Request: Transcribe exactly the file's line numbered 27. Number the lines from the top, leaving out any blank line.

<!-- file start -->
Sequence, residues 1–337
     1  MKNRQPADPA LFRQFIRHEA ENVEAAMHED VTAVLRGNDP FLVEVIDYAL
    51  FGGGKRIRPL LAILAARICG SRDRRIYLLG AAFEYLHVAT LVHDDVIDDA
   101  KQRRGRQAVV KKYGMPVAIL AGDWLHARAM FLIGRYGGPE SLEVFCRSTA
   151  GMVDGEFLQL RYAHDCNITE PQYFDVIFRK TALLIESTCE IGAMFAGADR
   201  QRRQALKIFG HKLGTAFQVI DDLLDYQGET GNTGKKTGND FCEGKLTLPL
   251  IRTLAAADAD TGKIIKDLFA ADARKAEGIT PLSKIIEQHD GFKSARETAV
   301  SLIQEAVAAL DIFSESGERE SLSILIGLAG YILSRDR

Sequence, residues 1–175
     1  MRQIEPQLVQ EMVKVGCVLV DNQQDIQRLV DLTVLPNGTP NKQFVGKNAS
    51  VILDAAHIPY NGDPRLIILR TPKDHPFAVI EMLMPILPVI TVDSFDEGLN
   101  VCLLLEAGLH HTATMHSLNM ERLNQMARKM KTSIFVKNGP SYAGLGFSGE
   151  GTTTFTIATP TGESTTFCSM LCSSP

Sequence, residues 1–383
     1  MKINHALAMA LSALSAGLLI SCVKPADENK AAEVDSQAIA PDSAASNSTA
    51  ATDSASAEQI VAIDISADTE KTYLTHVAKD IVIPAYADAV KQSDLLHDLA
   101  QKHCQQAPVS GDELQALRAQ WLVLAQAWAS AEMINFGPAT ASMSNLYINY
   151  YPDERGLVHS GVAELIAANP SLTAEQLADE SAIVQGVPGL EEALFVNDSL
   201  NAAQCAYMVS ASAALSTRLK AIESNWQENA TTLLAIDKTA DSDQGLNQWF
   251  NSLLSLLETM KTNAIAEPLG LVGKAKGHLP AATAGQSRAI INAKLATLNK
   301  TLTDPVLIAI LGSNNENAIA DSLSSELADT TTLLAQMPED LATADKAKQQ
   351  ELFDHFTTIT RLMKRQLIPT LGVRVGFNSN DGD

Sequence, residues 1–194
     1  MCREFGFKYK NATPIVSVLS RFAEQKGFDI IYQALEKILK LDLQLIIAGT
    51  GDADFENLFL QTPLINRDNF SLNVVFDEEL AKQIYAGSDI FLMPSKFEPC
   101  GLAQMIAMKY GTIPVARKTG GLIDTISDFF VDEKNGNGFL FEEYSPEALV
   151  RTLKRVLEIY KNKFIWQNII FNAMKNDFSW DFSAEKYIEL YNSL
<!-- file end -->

   151  RTLKRVLEIY KNKFIWQNII FNAMKNDFSW DFSAEKYIEL YNSL